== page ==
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The topic of discussion at the Borg house lately has been the nature of assurance. You see, both Rachel and I grew up in the evangelical world where assurance of salvation was founded and grounded in the “sinners prayer.” I remember being asked “If you died tonight how do you know you'd go to heaven.” My answer always was based on the fact that I'd asked Jesus into my heart. At which point I was generally patted on the back and told that I had no reason to doubt my salvation.
Having come to the Reformed position I'm quite convinced that my idea of assurance was largely mistaken for most of my life. While easy-believism advocates what we might call a “cheap assurance” the Westminster Confession knows no such thing. In fact it says “a true believer may wait long and conflict with many difficulties before he be a partaker of it” (18.3). The point of the Confession is to teach that saving faith and assurance don't share a 1:1 correlation, true believers may lack assurance—it doesn't belong to the “essence of faith.” A.A. Hodge calls assurance one of the “highest attainments of the divine life.” This seems to be an echo of what the Apostle Paul says in Colossians 2:2 about how he struggled that all might reach full assurance, or rather be brought to complete certainty of their faith. It seems we must be careful to distinguish between faith and assurance.
In this line of thought J.C. Ryle once wrote:
"Faith, let us remember, is the root, and assurance is the flower. Doubtless you can never have the flower without the root; but it is no less certain you may have the root and not the flower.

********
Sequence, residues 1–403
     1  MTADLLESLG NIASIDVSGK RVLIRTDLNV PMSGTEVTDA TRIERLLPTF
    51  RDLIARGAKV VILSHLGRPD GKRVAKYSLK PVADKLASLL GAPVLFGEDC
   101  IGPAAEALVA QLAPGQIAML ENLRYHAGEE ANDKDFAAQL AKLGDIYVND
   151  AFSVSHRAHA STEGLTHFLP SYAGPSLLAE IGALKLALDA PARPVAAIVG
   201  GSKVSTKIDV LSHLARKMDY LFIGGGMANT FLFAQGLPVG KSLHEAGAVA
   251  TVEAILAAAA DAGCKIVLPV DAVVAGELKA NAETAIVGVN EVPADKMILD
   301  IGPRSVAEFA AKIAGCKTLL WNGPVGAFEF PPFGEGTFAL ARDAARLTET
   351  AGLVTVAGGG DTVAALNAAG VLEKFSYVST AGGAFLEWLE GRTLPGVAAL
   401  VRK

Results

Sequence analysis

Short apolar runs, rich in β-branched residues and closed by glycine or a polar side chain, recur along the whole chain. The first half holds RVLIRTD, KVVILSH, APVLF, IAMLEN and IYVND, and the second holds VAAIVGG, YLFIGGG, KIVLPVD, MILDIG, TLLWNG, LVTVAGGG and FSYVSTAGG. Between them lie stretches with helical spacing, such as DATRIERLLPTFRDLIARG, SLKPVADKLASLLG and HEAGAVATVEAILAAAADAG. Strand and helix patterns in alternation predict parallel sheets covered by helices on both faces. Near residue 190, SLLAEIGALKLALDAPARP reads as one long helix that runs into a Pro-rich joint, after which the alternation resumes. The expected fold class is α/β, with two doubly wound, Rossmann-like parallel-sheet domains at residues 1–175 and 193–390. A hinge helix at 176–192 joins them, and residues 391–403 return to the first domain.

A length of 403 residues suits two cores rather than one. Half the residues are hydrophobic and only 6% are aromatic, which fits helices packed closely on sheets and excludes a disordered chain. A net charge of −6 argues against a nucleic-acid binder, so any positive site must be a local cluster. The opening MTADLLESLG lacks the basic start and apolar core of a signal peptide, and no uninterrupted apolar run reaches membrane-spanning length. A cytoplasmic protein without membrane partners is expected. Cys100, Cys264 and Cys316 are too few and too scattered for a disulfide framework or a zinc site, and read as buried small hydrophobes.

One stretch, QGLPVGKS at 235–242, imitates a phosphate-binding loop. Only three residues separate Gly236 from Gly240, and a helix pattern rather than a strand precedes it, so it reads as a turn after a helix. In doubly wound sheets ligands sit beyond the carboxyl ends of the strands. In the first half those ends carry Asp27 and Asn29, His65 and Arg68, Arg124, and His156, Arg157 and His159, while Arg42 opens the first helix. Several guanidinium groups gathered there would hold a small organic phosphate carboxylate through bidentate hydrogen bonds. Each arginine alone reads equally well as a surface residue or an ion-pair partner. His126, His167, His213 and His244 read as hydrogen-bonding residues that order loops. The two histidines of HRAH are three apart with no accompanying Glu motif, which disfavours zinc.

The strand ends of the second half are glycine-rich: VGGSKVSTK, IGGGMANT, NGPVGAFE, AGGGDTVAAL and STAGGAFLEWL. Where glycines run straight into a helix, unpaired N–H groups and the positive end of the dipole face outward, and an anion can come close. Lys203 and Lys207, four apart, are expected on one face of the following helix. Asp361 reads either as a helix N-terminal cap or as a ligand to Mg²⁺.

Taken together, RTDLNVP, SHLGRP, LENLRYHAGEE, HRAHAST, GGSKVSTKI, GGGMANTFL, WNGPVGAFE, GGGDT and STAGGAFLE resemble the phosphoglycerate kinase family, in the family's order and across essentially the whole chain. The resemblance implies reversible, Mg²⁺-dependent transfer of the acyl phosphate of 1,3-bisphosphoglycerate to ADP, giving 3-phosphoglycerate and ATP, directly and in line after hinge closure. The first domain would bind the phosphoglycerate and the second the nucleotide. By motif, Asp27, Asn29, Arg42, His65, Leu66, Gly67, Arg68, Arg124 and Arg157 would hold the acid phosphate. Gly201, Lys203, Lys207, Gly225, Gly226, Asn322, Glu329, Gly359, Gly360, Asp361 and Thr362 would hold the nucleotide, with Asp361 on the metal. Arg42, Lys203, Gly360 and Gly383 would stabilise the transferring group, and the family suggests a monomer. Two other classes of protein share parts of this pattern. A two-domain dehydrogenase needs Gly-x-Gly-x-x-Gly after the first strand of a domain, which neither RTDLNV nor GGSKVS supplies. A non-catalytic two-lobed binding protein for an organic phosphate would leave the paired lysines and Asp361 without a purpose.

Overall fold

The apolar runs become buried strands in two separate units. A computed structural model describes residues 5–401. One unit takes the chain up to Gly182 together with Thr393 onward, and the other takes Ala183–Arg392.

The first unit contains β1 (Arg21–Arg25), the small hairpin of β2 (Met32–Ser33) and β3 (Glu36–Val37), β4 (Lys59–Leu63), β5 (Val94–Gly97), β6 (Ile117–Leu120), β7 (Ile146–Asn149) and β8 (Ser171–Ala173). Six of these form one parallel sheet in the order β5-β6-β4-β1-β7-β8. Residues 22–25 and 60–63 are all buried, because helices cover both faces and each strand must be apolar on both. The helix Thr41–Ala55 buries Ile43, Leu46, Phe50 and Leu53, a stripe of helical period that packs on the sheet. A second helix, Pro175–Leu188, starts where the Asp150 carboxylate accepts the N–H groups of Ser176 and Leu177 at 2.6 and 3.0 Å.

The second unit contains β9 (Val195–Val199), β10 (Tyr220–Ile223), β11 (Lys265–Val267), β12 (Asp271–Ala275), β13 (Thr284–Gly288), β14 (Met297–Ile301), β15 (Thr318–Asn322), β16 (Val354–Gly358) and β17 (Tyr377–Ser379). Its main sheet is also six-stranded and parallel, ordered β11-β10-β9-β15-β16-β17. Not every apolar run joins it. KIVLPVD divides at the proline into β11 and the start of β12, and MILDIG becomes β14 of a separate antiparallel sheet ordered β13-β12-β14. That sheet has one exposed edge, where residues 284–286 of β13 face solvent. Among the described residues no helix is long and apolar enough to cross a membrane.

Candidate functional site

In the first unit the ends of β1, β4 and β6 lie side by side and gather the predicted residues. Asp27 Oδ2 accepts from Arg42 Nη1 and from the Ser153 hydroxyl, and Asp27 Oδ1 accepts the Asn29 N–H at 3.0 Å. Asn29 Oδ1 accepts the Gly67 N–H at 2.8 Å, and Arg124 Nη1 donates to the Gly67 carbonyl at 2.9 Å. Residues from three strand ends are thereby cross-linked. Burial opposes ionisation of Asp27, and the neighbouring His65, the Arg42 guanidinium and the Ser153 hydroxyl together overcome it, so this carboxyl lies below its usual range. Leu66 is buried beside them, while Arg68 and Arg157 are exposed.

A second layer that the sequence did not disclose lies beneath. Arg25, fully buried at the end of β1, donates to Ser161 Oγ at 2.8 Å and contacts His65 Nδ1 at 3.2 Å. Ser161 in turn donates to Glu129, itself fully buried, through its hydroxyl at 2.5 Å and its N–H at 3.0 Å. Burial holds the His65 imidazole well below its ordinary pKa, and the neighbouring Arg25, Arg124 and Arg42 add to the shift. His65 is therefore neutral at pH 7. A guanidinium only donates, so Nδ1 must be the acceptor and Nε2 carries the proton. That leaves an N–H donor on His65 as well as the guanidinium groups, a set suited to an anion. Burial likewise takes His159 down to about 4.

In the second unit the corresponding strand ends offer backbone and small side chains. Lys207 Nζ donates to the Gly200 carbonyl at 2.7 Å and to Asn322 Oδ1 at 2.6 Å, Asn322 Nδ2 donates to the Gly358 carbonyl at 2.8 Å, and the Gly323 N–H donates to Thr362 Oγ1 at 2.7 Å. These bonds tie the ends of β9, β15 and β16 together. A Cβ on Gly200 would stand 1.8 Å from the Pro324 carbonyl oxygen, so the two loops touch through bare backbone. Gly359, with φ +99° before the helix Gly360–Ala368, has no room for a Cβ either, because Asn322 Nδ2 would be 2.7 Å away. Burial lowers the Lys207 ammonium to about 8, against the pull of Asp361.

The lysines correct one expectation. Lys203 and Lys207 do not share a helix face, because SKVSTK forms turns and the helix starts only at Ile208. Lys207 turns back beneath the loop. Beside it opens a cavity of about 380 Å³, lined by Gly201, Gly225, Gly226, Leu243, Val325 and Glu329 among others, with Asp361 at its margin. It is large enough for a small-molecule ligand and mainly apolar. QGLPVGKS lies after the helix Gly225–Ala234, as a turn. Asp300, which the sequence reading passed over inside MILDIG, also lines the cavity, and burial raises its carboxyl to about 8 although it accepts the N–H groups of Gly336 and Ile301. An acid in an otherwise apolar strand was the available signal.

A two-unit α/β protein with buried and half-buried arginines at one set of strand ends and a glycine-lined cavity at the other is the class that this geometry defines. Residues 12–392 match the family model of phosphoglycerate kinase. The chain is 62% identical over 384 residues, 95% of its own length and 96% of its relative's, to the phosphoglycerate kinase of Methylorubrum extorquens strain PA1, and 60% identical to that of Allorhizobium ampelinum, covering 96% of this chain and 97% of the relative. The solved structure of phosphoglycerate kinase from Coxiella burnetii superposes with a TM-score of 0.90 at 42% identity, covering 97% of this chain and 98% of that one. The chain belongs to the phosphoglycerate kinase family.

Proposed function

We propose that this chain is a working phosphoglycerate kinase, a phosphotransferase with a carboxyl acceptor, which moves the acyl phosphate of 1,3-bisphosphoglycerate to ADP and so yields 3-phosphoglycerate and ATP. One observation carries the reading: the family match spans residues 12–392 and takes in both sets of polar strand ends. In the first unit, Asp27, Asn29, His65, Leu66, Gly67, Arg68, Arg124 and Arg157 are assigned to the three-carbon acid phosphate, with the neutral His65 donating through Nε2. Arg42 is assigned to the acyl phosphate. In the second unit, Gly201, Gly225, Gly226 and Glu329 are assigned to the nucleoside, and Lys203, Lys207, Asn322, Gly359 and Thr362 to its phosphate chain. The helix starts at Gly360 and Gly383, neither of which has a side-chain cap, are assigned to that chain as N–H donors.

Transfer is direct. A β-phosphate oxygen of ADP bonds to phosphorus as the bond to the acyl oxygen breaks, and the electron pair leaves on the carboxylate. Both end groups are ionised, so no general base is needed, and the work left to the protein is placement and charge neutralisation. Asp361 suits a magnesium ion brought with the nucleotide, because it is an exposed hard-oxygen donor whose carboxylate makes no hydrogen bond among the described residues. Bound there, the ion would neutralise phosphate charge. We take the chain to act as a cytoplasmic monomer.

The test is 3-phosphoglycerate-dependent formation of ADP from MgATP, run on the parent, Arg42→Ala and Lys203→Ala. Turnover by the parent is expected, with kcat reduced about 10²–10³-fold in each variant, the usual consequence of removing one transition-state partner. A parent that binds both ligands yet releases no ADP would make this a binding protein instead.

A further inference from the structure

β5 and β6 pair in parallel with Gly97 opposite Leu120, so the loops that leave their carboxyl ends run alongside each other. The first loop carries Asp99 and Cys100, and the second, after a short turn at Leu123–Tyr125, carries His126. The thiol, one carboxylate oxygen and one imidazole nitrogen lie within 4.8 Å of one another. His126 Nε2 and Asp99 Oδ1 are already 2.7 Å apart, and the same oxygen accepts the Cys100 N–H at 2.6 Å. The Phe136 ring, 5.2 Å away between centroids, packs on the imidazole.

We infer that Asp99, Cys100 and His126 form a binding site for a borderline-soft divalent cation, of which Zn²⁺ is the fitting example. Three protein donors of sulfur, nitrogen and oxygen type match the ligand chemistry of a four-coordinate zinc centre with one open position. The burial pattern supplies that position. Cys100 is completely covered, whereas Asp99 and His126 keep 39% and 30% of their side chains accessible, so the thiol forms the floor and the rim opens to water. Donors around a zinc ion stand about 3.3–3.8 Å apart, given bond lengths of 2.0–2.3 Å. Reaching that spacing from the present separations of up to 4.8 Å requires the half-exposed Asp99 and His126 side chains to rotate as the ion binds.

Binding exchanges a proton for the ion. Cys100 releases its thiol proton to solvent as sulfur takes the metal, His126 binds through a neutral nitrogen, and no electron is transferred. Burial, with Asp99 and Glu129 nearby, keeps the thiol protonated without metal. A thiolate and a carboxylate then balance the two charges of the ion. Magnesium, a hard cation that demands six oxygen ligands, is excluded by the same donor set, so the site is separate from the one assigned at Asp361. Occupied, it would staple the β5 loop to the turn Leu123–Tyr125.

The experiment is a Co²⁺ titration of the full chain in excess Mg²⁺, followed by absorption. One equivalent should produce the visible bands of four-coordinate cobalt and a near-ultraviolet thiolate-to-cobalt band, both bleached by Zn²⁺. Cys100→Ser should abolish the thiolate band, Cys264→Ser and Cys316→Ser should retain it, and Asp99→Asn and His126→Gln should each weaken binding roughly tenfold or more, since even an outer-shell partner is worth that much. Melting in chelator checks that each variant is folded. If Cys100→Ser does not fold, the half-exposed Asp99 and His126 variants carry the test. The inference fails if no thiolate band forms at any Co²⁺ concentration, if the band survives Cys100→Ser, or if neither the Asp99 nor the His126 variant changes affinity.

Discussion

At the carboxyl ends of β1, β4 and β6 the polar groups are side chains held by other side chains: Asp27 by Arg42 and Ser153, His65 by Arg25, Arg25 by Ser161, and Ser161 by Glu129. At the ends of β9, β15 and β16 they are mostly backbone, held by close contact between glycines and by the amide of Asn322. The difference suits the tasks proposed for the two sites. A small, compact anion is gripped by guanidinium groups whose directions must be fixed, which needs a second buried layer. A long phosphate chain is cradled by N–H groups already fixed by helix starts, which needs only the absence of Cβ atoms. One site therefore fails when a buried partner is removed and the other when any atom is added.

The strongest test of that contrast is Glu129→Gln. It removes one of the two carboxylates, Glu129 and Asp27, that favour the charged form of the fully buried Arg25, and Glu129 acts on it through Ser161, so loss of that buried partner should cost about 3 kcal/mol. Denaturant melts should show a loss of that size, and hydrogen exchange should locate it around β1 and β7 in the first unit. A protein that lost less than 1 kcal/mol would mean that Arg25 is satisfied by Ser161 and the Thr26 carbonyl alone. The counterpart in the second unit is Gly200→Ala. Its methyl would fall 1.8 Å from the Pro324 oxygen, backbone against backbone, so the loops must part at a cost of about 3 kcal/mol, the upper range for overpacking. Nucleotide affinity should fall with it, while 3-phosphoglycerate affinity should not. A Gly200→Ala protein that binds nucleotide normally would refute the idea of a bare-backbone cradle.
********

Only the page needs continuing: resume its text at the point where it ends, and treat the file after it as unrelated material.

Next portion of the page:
Faith is that poor trembling woman who came behind Jesus in the press, and touched the hem of His garment (Mark 5:27). Assurance is Stephen standing calmly in the midst of his murderers, and saying 'I see the heavens opened, and the Son of man standing on the right hand of God' (Acts 7:56).
Faith is the penitent thief, crying, 'Lord, remember me' (Luke 23:42). Assurance is Job, sitting in the dust, covered with sores, and saying, 'I know that my Redeemer liveth'; 'Though He slay me, yet will I trust in Him' (Job 19:25; 13:15).
Faith is Peter's drowning cry, as he began to sink: 'Lord, save me!' (Matt. 14:30). Assurance is that same Peter declaring before the council in aftertimes, 'This is the stone which was set at nought of you builders, which is become the head of the corner. Neither is there salvation in any other: for there is none other name under heaven given among men, whereby we must be saved' (Acts 4:11, 12).
Faith is the anxious trembling voice, 'Lord, I believe: help Thou mine unbelief' (Mark 9:24). Assurance is the confident challenge, 'Who shall lay anything to the charge of God's elect? Who is he that condemneth?' (Rom. 8:33, 34). Faith is Saul praying in the house of Judas at Damascus, sorrowful, blind, and alone (Acts 9:11). Assurance is Paul, the aged prisoner, looking calmly into the grave and saying, 'I know whom I have believed...There is a crown laid up for me.' (2 Tim. 1:12; 4:8). Faith is life...Assurance is more than life."
While Ryle's mere distinguishing between faith and assurance doesn't resolve every question, let us be stirred in heart to truly make our calling and election sure, that we might grow up into the full assurance of faith.